The children loved Great Elm, with its rolling lawns on which they could lie and daydream endlessly. But Aloïse Steiner Buckley was lonely. Her husband worked in New York City throughout the week, and as a Southerner and a Catholic she was doubly a stranger in WASP New England. She entertained marvelously at Great Elm, but to the town bluenoses there was something suspect about the Buckley family, with its “excessive … number of rambunctious children,” its “exotic houseguests ranging from Mexican statesmen to revolutionary ex-governors resembling the Hollywood stereotype of Pancho Villa bandits with their brown skins and thick black mustachios,” and “Will Buckley’s shocking contempt for Wall Street, for Wilson, for Roosevelt … and for all those other respectable totems of those days…”


Rescue for Aloïse came in the form of a summer home called Kamschatka in Camden, South Carolina. The Buckleys bought the house after Will struck oil again, at long last, in 1939. Camden was and is, according to Reid, a place of archetypal Southern charm: “among its important characteristics are reverence for tradition, a prickly sense of honor, pride of family, disdain for riches, and a tolerance for—a glorying in—eccentricity. This must have particularly attracted my father, as it did me.” Catholics may not have been plentiful, but the religious and social climate was welcoming. “The people of Camden were churchgoing,” Reid recalls, “but their attitude toward religion might be described as an easy familiarity in contrast to the strict censoriousness of New England.” For Aloïse, Camden was “the end of exile and a coming home.” For the children, however, “Camden was awful.” Lying on the grass there was an invitation to be “bitten by ants, pricked by cactus, lanced by scorpions, stung by spiders, infested by fleas, or hooked by those incredibly sharp sandspurs that were everywhere.” But in time the Buckley sons and daughters came to love Kamschatka.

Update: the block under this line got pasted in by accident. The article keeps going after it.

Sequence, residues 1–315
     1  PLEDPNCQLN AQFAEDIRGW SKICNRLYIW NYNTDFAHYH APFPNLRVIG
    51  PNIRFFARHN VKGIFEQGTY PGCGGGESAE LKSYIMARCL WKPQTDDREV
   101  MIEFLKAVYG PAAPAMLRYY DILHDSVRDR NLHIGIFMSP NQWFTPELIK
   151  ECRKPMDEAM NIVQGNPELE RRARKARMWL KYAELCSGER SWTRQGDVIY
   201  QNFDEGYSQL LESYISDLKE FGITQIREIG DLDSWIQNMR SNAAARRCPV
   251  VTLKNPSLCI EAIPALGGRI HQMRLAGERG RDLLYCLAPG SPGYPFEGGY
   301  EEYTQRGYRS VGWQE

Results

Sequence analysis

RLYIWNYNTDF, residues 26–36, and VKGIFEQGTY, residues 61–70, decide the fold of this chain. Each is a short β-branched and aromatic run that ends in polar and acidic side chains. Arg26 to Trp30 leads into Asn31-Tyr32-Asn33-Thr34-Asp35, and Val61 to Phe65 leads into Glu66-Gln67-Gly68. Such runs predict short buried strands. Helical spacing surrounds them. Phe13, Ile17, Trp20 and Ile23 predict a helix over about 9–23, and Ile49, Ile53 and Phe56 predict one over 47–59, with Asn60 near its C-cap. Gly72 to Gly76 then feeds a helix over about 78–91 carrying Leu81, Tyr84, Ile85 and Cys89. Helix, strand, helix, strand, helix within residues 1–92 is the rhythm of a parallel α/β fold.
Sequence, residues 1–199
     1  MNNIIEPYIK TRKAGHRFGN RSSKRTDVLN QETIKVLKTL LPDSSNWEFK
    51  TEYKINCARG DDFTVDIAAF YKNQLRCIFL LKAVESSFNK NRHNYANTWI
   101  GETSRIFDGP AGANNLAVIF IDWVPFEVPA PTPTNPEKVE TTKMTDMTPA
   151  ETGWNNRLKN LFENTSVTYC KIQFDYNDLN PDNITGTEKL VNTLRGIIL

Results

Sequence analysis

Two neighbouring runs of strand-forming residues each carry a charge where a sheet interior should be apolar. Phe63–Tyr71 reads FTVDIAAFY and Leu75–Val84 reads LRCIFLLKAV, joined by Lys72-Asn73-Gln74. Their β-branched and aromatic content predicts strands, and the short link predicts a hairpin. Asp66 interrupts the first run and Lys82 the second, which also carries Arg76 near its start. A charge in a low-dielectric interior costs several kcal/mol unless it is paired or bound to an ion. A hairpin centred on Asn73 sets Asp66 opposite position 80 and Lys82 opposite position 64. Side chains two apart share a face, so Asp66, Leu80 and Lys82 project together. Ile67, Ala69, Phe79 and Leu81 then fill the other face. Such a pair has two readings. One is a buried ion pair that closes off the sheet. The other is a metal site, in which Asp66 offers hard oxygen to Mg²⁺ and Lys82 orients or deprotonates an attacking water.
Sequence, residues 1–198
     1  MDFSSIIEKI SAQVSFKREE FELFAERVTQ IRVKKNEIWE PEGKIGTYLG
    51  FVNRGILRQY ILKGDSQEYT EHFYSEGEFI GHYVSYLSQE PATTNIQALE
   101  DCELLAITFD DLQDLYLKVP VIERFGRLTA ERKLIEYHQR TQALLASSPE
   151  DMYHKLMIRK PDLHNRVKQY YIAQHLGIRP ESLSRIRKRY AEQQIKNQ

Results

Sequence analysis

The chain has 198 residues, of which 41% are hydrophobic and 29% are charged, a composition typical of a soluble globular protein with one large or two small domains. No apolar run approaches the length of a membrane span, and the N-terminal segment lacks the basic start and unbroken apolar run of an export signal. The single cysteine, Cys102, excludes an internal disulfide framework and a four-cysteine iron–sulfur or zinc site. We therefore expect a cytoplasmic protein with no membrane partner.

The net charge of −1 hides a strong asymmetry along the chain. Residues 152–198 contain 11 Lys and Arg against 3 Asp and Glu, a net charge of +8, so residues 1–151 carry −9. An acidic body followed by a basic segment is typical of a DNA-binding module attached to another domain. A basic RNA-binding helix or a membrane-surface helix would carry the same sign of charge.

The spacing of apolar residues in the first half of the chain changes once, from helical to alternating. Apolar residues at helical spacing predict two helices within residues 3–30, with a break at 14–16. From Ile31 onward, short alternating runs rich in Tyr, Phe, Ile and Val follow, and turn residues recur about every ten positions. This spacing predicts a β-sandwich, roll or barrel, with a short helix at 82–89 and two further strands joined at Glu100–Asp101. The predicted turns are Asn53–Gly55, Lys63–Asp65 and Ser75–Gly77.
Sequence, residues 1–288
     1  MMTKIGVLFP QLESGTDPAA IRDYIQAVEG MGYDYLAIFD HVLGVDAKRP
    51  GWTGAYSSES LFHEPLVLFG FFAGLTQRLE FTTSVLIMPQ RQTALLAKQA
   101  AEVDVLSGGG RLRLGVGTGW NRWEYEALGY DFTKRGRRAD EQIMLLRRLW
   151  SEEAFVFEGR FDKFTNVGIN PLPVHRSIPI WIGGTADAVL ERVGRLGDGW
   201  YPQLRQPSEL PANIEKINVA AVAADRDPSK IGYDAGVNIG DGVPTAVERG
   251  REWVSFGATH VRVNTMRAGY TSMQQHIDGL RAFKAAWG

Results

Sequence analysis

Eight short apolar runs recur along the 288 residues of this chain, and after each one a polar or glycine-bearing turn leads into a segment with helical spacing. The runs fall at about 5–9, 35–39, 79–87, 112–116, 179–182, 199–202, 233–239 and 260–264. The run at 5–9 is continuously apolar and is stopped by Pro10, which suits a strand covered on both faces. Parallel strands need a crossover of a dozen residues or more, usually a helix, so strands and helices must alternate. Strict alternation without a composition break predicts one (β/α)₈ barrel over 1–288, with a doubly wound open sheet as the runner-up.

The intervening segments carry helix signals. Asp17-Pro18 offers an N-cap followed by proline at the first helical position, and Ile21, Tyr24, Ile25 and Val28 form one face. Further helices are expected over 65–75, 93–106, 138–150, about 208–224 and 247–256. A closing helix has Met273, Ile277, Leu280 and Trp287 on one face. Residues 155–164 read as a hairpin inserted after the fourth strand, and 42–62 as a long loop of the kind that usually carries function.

The vignettes of life at Great Elm and Kamschatka that occupy the latter half of An American Family are no less delightful, if inevitably less dramatic, than the tales of Will Buckley’s adventures in Mexico. The final third of the book strikes a bittersweet chord, juxtaposing these happy days and the maturation of the Buckley children with the aging and death of their parents. Will Buckley died in 1958, aged 77. Aloïse, 14 years younger than her husband, survived him by 27 years, outliving two of her daughters: “she endured with unshakable faith the terrible blows of the deaths of Maureen, at age thirty-one … and then five years later of Allie, at age forty-eight, her firstborn child.” Son John also died a year before her. Buoying Aloïse’s spirits in these late years was her sister Inez, not just kin but a kindred spirit. Reid relates a charming story of the time he unthinkingly invited the two of them to lunch with a dangerous man—Norman Mailer. But the literary bad boy was a model of courtliness with Mrs. Buckley and her sister, even escorting them home from the restaurant where they had met. Afterwards, a disarmed Mailer exclaimed to Reid, “You conservatives always have a f—–g ace in the hole, don’t you!” Reid regarded Mailer fondly ever after.

These are twilight years for the children of Will and Aloïse, and a tone of elegy overtakes An American Family in its last pages. In the past two years, death has taken Bill, Patricia, and Jane Buckley, and James’s wife Ann was paralyzed in an automobile accident. Reid not only laments the toll mortality has taken on his family but the inexorable decline of the principles for which the family fought. He refers to “the conservative (now lost) cause” and writes, “Our parents were the product of a nation that has vanished, and we, their children, have manned the ramparts in defense of that ghost. From this standpoint, our existences have been futile, our works folly.”

Offsetting the gloom somewhat are Reid’s closing lines: “We loved and did our best to honor our parents. We love one another. Our children are a joy to us. And for the rest, we trust in Christ and Christ’s promises. How lucky we have been!” An American Family gives proof of that enduring bond. It also supplies greater cause for hope than Reid might realize. Will Buckley’s America may be no more, but his character sets an example every bit as compelling today as when he lived. Should even a few Americans take the ethos of Will Buckley to heart after reading this book, the old Republic may yet have a chance.